Brucie began his radio career at ZBM in Bermuda. In 1961 Morrow left WINS for a one-year stint on Miami radio (WINZ). He returned to New York’s powerhouse WABC where he remained for thirteen years. During that time he was the weekly host and producer of the famous Palisades Park rock and roll concerts. In August 1965, Morrow and Ed Sullivan had the distinction of introducing The Beatles at their Shea Stadium debut in New York.
In 1974 he moved over to WNBC Radio and Television, and in 1977 Morrow formed the Sillerman Morrow Broadcasting Group, a company that purchased and operated eight radio stations and a major market television property. By 1984 the idea of “human radio” (as Bruce likes to call it), began to find its way back onto the airwaves. “Human radio” is something Morrow has always tried to bring to his listeners; Cousin Brucie creates an open interaction with his audience where listeners feel as if they are a part of the show. At this time he began at WCBS FM and in 1987 the “Cuz” went national with his Cruisin’ America weekly series that aired for 6 years. He brought his fresh, friendly and energetic sounds to WCBS-FM’s weekly 4–hour music special, Cousin Brucie’s Saturday Night Oldies Party and to Cousin Brucie’s Yearbook – both New York traditions until June 3, 2005, when WCBS-FM suddenly switched formats.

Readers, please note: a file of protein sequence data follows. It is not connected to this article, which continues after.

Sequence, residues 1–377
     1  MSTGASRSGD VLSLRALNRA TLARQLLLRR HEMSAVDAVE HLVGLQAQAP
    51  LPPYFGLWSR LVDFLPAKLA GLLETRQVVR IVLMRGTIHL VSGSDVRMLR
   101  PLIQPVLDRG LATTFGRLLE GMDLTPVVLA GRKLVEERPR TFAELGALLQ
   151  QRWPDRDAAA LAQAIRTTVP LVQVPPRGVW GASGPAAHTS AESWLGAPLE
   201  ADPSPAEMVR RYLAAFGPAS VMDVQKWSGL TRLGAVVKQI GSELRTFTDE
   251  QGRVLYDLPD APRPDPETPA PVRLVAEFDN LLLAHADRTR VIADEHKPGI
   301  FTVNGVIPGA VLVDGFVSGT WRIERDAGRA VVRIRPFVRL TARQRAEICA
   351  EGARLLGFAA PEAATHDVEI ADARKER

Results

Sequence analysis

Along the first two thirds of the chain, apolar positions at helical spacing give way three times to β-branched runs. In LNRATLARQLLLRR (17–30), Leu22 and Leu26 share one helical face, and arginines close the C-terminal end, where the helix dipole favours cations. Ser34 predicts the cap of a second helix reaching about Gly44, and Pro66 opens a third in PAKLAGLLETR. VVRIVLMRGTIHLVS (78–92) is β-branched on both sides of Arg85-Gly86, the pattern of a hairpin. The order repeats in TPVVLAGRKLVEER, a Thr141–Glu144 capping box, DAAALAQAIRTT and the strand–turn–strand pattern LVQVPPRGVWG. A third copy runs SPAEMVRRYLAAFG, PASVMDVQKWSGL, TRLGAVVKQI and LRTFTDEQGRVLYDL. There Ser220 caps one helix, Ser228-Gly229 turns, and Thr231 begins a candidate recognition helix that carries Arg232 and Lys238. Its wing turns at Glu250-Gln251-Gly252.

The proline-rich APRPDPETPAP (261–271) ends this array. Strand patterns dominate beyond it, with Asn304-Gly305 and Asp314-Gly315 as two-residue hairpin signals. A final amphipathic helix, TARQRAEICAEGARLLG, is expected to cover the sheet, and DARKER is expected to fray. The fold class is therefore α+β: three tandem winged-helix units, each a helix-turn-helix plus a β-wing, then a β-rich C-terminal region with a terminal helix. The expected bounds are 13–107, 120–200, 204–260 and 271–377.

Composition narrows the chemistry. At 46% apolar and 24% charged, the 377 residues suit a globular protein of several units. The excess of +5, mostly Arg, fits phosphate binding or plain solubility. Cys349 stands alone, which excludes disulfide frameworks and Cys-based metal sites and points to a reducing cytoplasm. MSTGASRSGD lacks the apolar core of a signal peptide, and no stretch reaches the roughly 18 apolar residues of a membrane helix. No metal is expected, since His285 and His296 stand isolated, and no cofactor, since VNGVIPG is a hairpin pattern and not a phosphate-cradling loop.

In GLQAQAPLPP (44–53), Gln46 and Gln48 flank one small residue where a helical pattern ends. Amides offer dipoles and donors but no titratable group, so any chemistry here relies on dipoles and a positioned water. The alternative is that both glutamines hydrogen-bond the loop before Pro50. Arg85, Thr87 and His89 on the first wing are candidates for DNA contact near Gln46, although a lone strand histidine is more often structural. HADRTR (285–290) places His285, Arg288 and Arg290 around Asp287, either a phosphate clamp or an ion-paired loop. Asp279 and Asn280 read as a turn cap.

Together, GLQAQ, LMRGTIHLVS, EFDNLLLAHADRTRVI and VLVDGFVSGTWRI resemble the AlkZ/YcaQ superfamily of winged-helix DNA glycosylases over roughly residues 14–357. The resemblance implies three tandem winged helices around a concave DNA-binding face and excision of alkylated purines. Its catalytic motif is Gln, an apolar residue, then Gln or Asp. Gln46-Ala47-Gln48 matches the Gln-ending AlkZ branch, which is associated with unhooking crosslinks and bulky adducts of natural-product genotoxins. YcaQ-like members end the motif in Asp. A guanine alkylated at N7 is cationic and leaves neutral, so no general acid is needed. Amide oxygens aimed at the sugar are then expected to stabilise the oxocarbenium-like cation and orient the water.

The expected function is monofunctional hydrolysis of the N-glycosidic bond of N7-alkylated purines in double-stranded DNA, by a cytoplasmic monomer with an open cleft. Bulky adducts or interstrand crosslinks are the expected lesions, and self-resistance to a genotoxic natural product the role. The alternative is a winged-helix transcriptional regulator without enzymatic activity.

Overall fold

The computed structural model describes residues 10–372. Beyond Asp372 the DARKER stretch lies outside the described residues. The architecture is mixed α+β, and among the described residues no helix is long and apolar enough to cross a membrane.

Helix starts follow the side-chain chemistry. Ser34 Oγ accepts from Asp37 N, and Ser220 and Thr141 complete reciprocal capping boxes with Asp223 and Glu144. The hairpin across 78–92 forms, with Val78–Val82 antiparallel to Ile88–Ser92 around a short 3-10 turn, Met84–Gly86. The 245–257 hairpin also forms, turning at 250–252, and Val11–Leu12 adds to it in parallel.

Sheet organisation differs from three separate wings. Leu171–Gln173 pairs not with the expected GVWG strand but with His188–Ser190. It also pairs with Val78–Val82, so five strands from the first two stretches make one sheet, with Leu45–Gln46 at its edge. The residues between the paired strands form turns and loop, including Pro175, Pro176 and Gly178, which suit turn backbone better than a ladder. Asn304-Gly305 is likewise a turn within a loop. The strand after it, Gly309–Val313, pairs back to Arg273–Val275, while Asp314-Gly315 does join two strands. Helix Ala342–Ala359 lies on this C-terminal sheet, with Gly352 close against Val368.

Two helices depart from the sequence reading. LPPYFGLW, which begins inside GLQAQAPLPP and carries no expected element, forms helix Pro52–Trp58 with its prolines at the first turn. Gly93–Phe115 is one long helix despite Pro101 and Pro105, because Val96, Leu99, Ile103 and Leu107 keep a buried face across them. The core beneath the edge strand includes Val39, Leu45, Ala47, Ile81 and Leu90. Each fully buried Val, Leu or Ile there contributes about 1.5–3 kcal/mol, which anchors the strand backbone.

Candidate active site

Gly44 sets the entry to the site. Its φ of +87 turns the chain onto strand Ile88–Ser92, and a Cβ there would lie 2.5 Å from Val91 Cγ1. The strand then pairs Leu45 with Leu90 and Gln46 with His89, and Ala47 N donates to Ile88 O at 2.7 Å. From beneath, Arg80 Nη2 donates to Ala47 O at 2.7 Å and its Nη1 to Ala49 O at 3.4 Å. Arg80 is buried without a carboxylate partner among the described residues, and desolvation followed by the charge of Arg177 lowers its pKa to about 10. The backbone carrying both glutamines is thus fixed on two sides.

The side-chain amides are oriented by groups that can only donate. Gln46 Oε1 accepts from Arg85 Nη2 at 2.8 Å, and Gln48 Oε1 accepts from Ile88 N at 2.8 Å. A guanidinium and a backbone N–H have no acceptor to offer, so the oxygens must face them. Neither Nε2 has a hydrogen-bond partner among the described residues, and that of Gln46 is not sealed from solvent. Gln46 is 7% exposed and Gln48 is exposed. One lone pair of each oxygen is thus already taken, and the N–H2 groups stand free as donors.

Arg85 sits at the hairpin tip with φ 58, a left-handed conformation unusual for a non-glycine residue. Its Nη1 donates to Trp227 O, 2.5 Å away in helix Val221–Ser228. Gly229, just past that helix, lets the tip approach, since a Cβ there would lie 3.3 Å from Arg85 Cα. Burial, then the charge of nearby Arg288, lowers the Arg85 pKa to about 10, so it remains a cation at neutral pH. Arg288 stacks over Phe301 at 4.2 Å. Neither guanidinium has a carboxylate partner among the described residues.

Morrow has appeared in films such as Dirty Dancing and Sgt. Pepper’s Lonely Hearts Club Band, had featured roles on Broadway in “Grease” and “Memphis,” and has made countless television appearances in shows including PBS’s “My Music” series, featured guest spots on morning television, and more. Morrow’s philanthropic work includes the Variety Children's Charity (for which he served as President for ten years) to help fund children in need; and his longtime support of WhyHunger, thanks to his close friendship with the organization’s founder, the late singer-songwriter Harry Chapin.